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Compare car insurance for used cars
Drive down rates, but keep enough coverage to keep you on the road.
Used car insurance rates tend to be less than premiums of newer comparable model years. You might even be able to lower your premium even more by reducing coverage. Just be sure to keep enough coverage so you’re not left financially stranded after an accident.
What's in this guide?
- What kind of coverage does my used car need?
- What add-on coverage should I consider for my used car?
- How much is car insurance for a used car?
- Get the right car insurance for your used car
- How can I save on car insurance for used cars?
- Case study: Roslyn's experience
- Get car insurance for a used car in 5 steps
- What should I watch out for?
- Bottom line
- Frequently asked questions about used car insurance
What kind of coverage does my used car need?
Your used car needs basic protection to get you on the road. You may need:
Take responsibility for injuries you cause to other drivers and passengers and fulfill state requirements.
Pay for property and vehicle damage in an at-fault accident, without paying out of pocket.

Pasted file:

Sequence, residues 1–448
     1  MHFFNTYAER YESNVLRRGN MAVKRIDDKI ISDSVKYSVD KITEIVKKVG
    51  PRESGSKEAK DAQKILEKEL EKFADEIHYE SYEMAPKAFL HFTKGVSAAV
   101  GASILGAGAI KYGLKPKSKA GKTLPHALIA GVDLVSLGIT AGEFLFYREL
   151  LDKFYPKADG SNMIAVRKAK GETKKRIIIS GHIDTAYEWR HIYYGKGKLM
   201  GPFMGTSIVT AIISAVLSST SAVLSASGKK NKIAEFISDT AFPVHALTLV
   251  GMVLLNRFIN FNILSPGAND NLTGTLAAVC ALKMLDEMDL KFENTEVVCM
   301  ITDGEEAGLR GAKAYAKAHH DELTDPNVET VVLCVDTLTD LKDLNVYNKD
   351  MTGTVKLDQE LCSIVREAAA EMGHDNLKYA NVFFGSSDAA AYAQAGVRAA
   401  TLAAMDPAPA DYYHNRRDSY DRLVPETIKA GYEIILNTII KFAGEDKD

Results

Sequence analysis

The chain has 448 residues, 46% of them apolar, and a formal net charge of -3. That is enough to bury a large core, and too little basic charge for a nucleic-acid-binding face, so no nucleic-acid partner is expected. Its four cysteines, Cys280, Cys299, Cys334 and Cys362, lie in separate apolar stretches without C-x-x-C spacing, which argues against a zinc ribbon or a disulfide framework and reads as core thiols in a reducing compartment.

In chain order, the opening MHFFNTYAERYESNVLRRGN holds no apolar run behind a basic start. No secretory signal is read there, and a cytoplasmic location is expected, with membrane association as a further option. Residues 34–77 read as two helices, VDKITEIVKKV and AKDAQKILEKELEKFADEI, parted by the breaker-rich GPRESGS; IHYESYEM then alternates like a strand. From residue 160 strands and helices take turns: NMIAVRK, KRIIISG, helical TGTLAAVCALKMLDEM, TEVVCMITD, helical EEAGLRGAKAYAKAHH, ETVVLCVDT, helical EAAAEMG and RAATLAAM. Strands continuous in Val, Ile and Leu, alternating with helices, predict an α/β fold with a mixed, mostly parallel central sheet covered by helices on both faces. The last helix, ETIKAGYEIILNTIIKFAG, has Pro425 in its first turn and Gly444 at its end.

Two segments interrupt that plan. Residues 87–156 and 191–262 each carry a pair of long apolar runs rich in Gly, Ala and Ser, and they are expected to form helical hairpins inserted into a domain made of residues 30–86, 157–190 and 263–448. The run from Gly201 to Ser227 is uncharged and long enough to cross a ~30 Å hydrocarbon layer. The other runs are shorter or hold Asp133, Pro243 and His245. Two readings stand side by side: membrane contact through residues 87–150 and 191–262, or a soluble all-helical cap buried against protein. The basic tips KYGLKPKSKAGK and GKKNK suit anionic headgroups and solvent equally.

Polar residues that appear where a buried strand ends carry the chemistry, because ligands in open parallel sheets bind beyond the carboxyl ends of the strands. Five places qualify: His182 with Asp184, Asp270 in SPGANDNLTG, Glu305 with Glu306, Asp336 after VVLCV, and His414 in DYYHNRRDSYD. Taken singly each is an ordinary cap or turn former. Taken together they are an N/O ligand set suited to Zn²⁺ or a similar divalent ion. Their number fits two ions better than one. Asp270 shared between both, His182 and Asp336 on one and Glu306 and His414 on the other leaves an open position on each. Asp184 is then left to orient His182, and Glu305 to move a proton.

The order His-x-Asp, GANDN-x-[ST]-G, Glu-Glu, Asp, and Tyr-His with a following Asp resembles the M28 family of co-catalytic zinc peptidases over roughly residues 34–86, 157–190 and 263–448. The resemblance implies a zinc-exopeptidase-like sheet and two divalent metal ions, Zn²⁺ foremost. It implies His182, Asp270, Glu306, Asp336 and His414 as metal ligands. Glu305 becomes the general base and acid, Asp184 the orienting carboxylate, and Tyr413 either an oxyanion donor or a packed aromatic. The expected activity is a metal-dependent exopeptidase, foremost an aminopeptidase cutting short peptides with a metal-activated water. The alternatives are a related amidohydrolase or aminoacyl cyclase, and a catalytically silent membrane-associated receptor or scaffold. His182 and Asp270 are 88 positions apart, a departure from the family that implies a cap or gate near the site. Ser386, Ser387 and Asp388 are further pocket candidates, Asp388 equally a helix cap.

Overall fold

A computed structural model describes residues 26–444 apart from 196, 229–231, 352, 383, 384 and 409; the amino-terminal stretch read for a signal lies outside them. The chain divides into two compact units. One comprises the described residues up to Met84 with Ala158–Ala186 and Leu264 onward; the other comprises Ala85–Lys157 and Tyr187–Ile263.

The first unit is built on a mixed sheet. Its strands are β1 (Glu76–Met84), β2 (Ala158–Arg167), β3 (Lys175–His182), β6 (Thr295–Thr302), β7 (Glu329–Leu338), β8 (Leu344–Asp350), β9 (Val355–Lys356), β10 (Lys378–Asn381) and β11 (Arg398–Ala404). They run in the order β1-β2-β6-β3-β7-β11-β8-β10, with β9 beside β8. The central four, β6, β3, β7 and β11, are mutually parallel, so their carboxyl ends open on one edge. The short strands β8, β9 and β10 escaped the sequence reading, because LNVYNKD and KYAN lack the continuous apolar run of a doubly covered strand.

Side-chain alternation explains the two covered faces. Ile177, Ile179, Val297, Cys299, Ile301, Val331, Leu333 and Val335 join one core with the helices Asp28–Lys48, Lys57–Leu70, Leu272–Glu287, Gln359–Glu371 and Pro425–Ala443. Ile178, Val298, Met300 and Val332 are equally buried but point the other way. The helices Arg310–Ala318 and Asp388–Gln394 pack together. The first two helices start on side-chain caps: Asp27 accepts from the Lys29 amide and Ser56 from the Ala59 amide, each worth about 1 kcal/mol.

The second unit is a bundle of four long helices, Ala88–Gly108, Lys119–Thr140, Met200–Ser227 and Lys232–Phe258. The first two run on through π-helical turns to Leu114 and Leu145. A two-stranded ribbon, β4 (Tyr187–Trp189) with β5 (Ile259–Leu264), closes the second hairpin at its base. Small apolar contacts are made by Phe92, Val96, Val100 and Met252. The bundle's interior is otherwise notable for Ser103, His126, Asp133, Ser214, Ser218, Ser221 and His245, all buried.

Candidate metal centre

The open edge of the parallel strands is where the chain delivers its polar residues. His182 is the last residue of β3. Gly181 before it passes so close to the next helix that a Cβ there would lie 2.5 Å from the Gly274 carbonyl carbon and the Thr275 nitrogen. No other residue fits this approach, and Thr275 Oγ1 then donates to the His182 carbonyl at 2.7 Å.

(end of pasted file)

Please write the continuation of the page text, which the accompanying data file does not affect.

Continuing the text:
Get extra protection for incidents involving theft, storm damage or hitting an animal. Could be unnecessary for older models, especially if the deductible costs more than your car is worth.
Consider this standard add-on to repair damage to your own car. If you drive an older vehicle in a busy city or during high-traffic times like rush hour, this coverage is beneficial.
Make sure you can pay for car repairs and medical bills when the at-fault driver doesn’t have enough insurance. Required in some states, but not always needed for a cheap used car.
Personal injury protection
Helpful for medical bills and income loss for accident-related injuries. May be a legal requirement in some states. Not always needed if you and your regular passengers have good health insurance.
Do older used cars have different insurance requirements?